For me, the most anticipated show of the conference is Midlake. The band’s triumphant debut made Paste’s Top 20 Signs of Life list in 2004, and was aptly described by Jason Killingsworth as souding like “Jason Lytle and Wayne Coyne collaborating with famous 8-bit Nintendo music composer Koji Kondo and the San Fransisco Philharmonic, using Willy Wonka’s bubble room as their rehearsal space.”

When all the Paste staffers meet up at dim-lit bar Friends, the place is packed to the gills. Since the band can’t manage to get its gear through the crowd and onto the stage, the show is running behind schedule. After a 20-minute delay, Midlake finally takes the stage, kicking things off with jazzy tom-tom flourishes, persistently throbbing bass and bleeping, droning, video-game synthesizers. Snippets of the audience’s mostly inaudible conversations mingle with the music as if part of the same avant-garde composition. But you can tell something’s wrong from the get-go. The vocals are too low in the mix and aren’t properly EQ-ed, the bass is drowning everything out, and it’s difficult to hear the synths that, essentially, anchor the band’s sound. The Midlake show turns out to be a momentous letdown. But it isn't the band’s fault. Not one iota. This brings us to a segment from last year’s post entitled “The SXSW Sound-Guy Theory.” Here’s the hypothesis:

…so many great acts at SXSW have their shows hurt by poor sound. You see, in every town, there are a few men or women who are pros when it comes to running sound. They can always be counted on, no matter where they are, to get things sounding as close to perfect as possible. They often float from club to club, hired out—when a big band comes to town—to work the show. But at SXSW, with so many amazing bands flooding Austin (not all of them with their own live-sound engineer present), there’s just no way to have a someone who knows what they’re doing at the mixing board at every show. So you’re bound to have the overall sound quality drop when you look at the conference as a whole.

Halfway through Midlake’s unsalvageable set, I split and flag down a rickshaw, which promptly scuttles me over to La Zona Rosa for Elvis Costello. The ballooning number of conference attendees this year (11,000 compared with 7,000 last year) combined with the allure of seeing Costello in a relatively small venue, leads to a 35-minute wait at the door. I pass the time conversing with a talent buyer for a club in Hartford, Conn. By now, it’s so cold my teeth are chattering. She just laughs and unbuttons her jacket. “What are you talking about?” she says. “It’s nice out!”

Once inside, I see Costello lit up under the red lights of the stage, donning amber shades and his trademark suit and tie. Always interested in exploring the boundaries of pop, he tries his hand at injecting some jammed-out Latin jazz into his sound. Then, shifting into classic soul mode, he covers Smokey Robinson’s “You Really Got A Hold On Me,” the crowd providing haunting call-and-response backing vocals. Costello’s croon seems stronger than ever. As he’s aged, he’s learned to let it be, and as a result it’s more natural, gritty and down-home. He's a true professional and his tasteful, powerhouse set with The Attractions is suddenly rescuing my otherwise spotty SXSW evening.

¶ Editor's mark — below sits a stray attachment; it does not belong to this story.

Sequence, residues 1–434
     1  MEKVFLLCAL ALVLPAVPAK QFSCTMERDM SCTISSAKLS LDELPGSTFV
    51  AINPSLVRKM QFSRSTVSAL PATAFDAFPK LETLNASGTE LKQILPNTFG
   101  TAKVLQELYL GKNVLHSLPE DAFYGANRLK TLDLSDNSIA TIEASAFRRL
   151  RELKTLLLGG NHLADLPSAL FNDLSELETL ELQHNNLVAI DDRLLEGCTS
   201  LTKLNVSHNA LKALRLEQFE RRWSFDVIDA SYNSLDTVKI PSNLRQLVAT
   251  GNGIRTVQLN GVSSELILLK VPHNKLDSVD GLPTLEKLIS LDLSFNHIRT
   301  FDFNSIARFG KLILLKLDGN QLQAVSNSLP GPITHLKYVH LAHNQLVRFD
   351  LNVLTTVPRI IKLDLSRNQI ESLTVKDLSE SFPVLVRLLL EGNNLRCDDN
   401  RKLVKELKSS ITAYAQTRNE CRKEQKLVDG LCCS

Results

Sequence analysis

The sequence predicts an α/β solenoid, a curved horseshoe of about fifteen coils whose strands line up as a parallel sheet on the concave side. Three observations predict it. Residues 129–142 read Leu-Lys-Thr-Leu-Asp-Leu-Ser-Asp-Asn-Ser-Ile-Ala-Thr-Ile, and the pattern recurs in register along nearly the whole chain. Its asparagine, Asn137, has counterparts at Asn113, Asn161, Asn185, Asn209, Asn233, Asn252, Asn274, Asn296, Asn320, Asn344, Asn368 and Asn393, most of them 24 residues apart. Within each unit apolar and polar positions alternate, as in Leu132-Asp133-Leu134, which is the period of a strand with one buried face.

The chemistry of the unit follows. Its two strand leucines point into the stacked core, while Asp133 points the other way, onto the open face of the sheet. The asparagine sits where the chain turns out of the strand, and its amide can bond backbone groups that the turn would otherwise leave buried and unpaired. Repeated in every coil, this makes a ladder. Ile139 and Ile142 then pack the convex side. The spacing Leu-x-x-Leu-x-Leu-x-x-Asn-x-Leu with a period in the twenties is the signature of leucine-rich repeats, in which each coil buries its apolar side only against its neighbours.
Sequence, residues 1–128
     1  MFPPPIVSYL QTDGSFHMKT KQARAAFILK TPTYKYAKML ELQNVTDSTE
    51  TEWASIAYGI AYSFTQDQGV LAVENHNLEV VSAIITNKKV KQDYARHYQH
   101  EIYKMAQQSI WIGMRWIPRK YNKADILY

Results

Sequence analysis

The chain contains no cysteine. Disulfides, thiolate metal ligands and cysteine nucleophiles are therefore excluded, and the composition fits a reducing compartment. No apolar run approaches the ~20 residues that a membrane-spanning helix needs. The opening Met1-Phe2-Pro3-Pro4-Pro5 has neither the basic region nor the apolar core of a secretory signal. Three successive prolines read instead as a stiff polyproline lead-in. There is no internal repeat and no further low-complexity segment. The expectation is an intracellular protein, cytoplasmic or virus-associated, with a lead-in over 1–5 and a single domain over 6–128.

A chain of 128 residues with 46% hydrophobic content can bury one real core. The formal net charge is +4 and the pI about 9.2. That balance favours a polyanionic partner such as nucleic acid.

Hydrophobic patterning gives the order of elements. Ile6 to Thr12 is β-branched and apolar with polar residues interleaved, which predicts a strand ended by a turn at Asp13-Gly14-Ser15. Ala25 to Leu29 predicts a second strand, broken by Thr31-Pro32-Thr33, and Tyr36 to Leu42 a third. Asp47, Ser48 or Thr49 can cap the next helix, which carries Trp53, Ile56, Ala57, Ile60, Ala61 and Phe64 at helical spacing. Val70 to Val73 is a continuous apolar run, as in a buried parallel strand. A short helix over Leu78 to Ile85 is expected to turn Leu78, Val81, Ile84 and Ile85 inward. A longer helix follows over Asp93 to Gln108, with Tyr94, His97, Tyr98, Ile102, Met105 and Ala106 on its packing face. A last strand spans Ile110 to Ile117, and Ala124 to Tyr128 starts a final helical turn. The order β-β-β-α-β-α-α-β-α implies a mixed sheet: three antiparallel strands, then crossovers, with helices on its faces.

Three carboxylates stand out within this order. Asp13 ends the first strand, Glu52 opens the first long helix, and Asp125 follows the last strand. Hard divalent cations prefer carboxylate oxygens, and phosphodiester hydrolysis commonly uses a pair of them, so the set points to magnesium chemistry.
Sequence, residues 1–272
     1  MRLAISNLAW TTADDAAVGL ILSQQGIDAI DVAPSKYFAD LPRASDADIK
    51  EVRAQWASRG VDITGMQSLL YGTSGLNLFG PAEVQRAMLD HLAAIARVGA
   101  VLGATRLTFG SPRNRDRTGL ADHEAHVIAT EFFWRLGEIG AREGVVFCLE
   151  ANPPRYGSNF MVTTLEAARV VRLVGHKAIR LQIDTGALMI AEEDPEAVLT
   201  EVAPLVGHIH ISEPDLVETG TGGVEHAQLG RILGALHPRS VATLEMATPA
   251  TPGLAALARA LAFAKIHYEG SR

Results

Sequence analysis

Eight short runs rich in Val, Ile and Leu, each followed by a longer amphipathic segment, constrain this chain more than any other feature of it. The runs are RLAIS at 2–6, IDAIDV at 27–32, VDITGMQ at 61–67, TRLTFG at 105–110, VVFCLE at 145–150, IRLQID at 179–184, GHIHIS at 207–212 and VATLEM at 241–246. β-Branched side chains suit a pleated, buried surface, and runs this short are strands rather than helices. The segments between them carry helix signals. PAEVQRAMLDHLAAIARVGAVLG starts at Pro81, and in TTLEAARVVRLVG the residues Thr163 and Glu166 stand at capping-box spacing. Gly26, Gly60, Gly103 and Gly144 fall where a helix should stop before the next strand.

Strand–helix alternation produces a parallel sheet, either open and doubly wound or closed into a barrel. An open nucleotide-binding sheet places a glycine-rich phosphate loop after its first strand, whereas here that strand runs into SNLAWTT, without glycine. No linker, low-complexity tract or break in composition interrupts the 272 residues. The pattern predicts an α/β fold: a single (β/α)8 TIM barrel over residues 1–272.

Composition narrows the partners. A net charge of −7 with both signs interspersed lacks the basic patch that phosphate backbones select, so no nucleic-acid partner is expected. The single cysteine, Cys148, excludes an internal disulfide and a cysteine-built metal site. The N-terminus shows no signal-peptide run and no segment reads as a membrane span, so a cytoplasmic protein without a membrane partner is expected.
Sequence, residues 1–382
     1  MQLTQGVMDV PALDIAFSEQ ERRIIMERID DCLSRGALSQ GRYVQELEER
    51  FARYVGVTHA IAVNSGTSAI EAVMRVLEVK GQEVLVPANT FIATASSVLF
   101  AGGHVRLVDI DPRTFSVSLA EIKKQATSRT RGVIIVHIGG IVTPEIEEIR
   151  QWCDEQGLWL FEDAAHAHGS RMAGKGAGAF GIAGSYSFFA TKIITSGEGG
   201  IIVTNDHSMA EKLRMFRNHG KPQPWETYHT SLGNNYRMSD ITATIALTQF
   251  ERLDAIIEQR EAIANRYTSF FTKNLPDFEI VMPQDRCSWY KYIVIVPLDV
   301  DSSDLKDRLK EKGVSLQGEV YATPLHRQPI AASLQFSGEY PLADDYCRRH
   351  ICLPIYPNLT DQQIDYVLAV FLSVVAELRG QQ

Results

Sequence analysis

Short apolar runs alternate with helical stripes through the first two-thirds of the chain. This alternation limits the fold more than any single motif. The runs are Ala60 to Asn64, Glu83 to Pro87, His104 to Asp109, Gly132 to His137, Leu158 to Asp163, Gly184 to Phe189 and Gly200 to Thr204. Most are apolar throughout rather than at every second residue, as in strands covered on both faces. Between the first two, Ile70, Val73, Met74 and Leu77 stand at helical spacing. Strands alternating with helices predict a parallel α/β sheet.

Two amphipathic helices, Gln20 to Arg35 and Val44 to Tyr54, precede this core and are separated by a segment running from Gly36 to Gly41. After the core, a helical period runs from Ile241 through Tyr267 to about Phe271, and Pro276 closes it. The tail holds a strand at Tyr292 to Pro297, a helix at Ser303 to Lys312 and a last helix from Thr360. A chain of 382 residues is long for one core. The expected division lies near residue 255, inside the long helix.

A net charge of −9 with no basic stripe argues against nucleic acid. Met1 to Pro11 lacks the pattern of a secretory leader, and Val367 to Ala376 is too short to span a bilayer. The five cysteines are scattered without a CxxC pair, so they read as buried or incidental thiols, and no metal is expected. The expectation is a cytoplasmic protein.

After the hints of bossa nova in “When I Was Cruel, No. 2,” I realize how flawlessly Costello assimilates disparate genres—world, pop, jazz, soul, calypso, punk, reggae. It’s all there. Not to mention rock, of which he delivers a heaping helping when he drops into his latest single “Monkey To Man.” With a top-notch melody and a riff for the ages, this new ditty is among Costello’s best. The crowd bops, shimmies and claps along. He follows with ballad “Either Side of the Same Town.” Fittingly, my legs almost give out during “I Can’t Stand Up For Falling Down” which morphs into Otis Redding's rave-up “I Can’t Turn You Loose.” When it seems the energy level at the club can’t get any higher, Costello breaks in “(What’s So Funny ’Bout) Peace, Love and Understanding.” Fists are pumping and even gray-haired men are thrashing about, banging their heads and playing air guitar.

As I stumble toward the door after the show, exhausted but satisfied, I’m caught in the vicious tractor beam of a hot-dog vendor. Mmmm… processed meat. It’s a long walk back to the hotel. On the way I run into alt.country band The Derailers outside Fox & Hound’s, as they load out. The band’s steel player, Chris Schlotzhauer, is imparting worldly wisdom to a young film student who’s volunteered for the festival. I listen as he gives her an off-the cuff speech about maintaining a work ethic but still having fun. The Derailers and Schlotzhauer—who's also one of producer Lloyd Maines’ go-to session players—are about to begin work on a new record, he tells me. After a firm handshake and an ‘adios,’ I press on—weary, partly frozen and hotel-bound, wondering what tomorrow might bring.

(tune in tomorrow afternoon for more SXSW hijinks)